Within the castle was an outdoor prison, functioning water fed latrines, the quarters of the grand master of the order, a church, dining halls, and everything necessary to support the residents and staff. The building is built of red brick, much of which was reconstructed by preservationists following WWII when axis troops took refuge in the castle and prevented Stalin's troops from progressing further toward Berlin until the evacuation of that city could take place. We saw pictures of the damage. Unimaginable.

Stopping in the chapter room, where members of the order would have prayed the liturgy of the hours, we spent a good deal of time singing and playing with the acoustics of the chamber.

All in all, this place was incredible - Heating systems, wells, defenses, turrets, everything one hopes for in a castle. By the end of the tour we were exhausted and much in need of a good meal. Jody had turned 21 the day of our arrival at the convent, so that night she ordered a beer. She drank enough to taste and enjoy it before passing the mug to me. I enjoyed the rest on her behalf.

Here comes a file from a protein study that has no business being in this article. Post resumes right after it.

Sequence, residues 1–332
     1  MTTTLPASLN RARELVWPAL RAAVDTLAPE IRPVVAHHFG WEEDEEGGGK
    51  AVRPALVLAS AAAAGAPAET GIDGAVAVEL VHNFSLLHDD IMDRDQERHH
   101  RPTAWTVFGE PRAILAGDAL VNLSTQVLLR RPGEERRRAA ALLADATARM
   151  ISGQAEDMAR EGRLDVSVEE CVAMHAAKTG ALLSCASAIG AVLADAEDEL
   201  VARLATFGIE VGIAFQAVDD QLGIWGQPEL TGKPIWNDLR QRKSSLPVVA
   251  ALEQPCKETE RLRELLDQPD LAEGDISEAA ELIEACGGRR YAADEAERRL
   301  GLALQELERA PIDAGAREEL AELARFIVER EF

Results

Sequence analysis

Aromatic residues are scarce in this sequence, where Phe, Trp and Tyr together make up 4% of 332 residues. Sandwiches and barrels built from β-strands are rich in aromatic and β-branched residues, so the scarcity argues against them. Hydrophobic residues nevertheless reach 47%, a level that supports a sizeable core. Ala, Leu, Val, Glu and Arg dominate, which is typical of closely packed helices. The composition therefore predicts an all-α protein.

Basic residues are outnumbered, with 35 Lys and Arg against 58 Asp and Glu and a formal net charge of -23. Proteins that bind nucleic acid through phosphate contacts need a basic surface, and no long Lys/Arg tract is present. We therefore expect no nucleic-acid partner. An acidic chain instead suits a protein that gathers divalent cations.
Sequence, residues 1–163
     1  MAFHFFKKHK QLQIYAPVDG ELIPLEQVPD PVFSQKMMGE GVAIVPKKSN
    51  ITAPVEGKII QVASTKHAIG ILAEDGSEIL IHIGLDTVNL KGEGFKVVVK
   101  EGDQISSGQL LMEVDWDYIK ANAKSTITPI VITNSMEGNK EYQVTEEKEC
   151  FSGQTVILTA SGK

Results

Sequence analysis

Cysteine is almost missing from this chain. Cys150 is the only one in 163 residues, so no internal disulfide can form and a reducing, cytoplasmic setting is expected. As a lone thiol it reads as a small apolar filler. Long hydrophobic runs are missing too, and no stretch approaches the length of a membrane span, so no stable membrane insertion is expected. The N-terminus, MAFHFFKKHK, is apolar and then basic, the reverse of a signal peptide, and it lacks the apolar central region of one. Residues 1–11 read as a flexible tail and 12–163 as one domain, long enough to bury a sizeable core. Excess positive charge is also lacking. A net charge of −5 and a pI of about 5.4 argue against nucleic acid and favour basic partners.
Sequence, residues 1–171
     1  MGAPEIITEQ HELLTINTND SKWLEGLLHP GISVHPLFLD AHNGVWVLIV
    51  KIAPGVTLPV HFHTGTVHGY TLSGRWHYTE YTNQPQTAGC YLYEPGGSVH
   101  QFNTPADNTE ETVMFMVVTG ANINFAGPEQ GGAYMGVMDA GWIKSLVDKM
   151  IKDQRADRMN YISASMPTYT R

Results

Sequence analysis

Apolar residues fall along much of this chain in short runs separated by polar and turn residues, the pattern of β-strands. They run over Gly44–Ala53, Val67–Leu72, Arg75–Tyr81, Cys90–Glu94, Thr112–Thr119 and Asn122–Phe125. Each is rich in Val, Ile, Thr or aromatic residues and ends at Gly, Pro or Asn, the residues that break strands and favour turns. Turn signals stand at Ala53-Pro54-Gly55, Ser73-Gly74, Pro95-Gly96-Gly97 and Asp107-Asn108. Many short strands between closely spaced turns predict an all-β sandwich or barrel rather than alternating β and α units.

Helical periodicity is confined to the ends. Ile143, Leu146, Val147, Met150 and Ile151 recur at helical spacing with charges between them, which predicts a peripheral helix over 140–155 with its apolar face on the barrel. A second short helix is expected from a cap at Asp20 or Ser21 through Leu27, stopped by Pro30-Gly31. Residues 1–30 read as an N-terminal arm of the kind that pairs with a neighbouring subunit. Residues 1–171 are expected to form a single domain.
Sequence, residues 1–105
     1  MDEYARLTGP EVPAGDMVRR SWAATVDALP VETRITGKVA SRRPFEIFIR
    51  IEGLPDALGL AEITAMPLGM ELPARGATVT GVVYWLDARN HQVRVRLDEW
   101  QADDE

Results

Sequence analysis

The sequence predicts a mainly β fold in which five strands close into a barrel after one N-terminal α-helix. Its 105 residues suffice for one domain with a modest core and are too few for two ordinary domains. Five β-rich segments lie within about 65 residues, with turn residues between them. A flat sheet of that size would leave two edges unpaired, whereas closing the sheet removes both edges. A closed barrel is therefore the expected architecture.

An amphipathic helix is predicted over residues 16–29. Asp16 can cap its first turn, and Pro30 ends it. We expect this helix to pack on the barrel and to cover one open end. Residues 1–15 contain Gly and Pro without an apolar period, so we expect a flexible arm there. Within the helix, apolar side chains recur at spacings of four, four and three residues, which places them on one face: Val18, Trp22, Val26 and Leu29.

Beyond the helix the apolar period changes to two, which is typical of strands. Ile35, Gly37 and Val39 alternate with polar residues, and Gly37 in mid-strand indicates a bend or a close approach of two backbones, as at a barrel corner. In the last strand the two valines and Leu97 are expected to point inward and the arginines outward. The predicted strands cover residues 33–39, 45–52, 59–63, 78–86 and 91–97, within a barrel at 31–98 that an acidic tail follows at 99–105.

Returning to the convent we paused at McDonalds once again for an Ice Cream Shake, another request from the sister, and a brief email/facebook checkin. We all went to bed early and got up for one final convent Mass.

The city in which Jody's convent is located is quite unattractive in most respects, and suffers from the neglect of most small rural towns I have encountered. Undeterred by its post-communist accouterment, however, the city by reason of a shrine to St. Valentine, calls itself the city of love. (As a matter of curiosity, besides lovers, Valentine is also patron of the mentally handicapped. As Fr. Edwin noted before we left this morning, these two patronages are often one in the same.). As with the day previous, Jodi had permission to spend the morning with us, so we wandered to the shrine of St. Valentine hoping to see his severed head. We drew near, but the church is undergoing construction thus preventing us from actually seeing the head. I was deeply saddened by this. The others, making the best of a poor situation, decided to climb the Church's tower. I declined, choosing to recline in the door of the church instead. From the looks and what I was able to intuit from passersby, this is an activity generally reserved to drunkards and lepers. If I had set out a small cup, I might have collected alms.